Palermo Club Focus: Zamparini Pulls A…Zamparini
—Maurizio Zamparini on January 28th, 2013.
The kiss of death. That’s what those words must have sounded like to Gian Piero Gasperini. A vote of confidence is unsettling to even the most hardened of managers in the world of football. When your owner is Zamparini, it must feel like quicksand dragging you down to your almost certain demise. And for Gasperini that demise (or relief depending on how you look at it) came on Monday when he was sacked after being in charge for 18 matches. Despite Zamparini’s constant backing of the Piedmont native, the volcanic president showed that old habits do in fact die hard.
While Zamparini publicly backed his manager, it should come as a surprise to no one that his patience finally ended as he saw his club slump to another defeat on Sunday, a 2-1 home loss to modest Atalanta. I had stated that despite all the positives Gasperini had shown in terms of football displayed by the squad, he needed to produce in terms of results. That did not happen. As the tactician himself stated, “victories became draws, and draws became defeats” in the dying minutes of matches. A recipe for disaster for most managers, and especially for one looking to avoid relegation.
The timing of his sacking can be questioned (especially since the January signings were made to fit his tactics) but let’s be honest. It’s Zamparini. Sounds like a simple answer, but sadly it’s the truth. Palermo’s recent history has shown that there is little-to-no long term planning at the club. Hirings are made and they are fired just as quickly (ask Giuseppe Sannino and Giorgio Perinetti). Heck, I don’t think anybody would be surprised if we saw Gasperini back on the bench before the season ends (or even Sannino for that matter).
While Gasperini’s sacking can be justified, Zamparini decided to out-Zamparini himself as he forced Pietro Lo Monaco out of the club. Officially, Lo Monaco resigned from his position citing a personality clash with the president. In reality, Zamparini kicked him to the curb and stated that “he arrived when we were third from bottom, and he left us at the bottom of the table”. Thus, it was clearly a performance related decision.
The relationship had soured, most notably due to some of Lo Monaco’s transfers in January (the sale of club icon Franco Brienza sparking contentious debates amongst fans as well). The upheaval at the club was seen as too radical, even though a change from top to bottom was needed given how poor Palermo have been this season. While Zamparini has every right to do whatever he likes with his club, it’s the timing of the sacking that has left people baffled about the entire situation.
As I stated, Lo Monaco reshaped the entire squad. From top to bottom. New goalkeeper, new defenders, new midfielders and new strikers. To say that Lo Monaco was the busiest director in January would be putting it lightly. And the reward for his hard work? Being forced to resign after seeing his reassembled squad lose their first match sincethe closure of the transfer window. Knee jerk does not even begin to describe Zamparini’s decision making, but given how much he loves to flex his muscles and remind everyone who is the top dog at the club, we shouldn’t be too surprised.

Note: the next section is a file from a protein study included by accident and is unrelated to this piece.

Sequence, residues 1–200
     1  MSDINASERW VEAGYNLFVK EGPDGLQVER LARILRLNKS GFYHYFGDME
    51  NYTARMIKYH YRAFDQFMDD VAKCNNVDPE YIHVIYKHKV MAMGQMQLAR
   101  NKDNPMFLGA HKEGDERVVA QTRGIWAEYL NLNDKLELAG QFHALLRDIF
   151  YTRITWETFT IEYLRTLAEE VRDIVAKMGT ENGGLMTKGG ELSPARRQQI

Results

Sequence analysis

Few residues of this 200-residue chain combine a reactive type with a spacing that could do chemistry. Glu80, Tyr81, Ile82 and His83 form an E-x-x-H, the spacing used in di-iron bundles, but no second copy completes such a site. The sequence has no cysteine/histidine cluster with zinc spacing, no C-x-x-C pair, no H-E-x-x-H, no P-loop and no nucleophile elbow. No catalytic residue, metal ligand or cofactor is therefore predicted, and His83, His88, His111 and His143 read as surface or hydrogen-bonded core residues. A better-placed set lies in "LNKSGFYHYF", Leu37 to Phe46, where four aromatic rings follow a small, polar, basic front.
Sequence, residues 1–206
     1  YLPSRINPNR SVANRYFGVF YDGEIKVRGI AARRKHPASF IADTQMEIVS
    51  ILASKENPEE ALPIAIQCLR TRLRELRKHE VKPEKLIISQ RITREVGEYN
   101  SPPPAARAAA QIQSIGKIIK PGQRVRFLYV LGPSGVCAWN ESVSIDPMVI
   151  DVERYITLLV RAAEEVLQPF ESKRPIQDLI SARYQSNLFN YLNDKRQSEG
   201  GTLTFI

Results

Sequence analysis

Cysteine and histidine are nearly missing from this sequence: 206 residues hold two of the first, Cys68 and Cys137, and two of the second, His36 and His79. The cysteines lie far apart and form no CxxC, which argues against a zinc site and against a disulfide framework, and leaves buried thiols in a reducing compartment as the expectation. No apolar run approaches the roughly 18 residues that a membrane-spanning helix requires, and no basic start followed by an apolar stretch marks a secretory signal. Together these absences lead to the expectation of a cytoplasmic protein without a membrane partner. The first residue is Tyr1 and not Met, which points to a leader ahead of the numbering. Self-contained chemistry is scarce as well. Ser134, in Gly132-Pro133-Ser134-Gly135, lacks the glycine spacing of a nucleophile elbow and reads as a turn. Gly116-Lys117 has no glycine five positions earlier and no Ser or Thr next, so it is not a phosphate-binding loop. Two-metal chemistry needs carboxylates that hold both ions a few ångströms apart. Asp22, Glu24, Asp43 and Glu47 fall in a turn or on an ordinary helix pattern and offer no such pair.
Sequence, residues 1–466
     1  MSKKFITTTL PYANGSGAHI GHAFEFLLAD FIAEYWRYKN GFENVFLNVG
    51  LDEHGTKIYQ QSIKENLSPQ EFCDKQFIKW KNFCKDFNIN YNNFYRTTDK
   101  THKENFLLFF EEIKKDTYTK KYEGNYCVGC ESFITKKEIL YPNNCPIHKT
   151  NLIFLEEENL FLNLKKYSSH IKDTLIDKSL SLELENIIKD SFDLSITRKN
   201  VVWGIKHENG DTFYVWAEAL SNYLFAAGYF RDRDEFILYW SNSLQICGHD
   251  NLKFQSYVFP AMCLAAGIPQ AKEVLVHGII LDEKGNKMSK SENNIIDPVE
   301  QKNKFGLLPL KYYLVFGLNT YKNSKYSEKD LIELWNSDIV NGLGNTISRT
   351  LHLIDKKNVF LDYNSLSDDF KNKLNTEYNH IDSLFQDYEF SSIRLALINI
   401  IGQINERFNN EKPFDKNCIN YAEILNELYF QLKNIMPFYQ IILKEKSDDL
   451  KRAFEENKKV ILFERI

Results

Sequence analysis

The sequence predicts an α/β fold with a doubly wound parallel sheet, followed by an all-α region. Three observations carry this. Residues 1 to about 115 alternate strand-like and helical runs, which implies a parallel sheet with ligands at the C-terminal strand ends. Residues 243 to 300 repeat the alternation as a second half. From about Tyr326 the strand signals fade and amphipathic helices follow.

It had become apparent that Zamparini had ceded power to Lo Monaco after the director was hired at the end of September. Given Zamparini’s love for wielding power, he could have intervened at any time to limit Lo Monaco’s influence. Instead, he allowed the now former director to build a new Palermo during what was the most important transfer window since returning to the top flight as the Rosanero look to fight off relegation. Now Lo Monaco is out, the club is full of players he brought in and Giorgio Perinetti (remember him?) is back in as sporting director after his summer signings (Brienza, Giorgi) were shipped out. Almost too surreal to be true, but unfortunately for Rosanero fans it’s all too true. And they are the ones suffering the most as they may see their beloved club return to Serie B for the first time since 2004.
As Palermo head into this weekend’s home match against Pescara, everything has changed and paradoxically, nothing has changed. Victory is the only acceptable result. Whether it be Alberto Malesani or Gasperini, the manager behind the bench isn’t important as long as the results arrive. A win would see the Rosanero go level on points with the Delfini, while a draw or defeat would be disastrous. Pescara have the fewest goals for and most goals against this season, making them the ideal adversary for Malesani’s first act as Palermo boss. Three points are there for the taking, but if they don’t arrive, you can’t help but think that Sannino may receive a phone call or two since he is still on the payroll, right?
Follow Adriano Boin on Twitter: @Boin44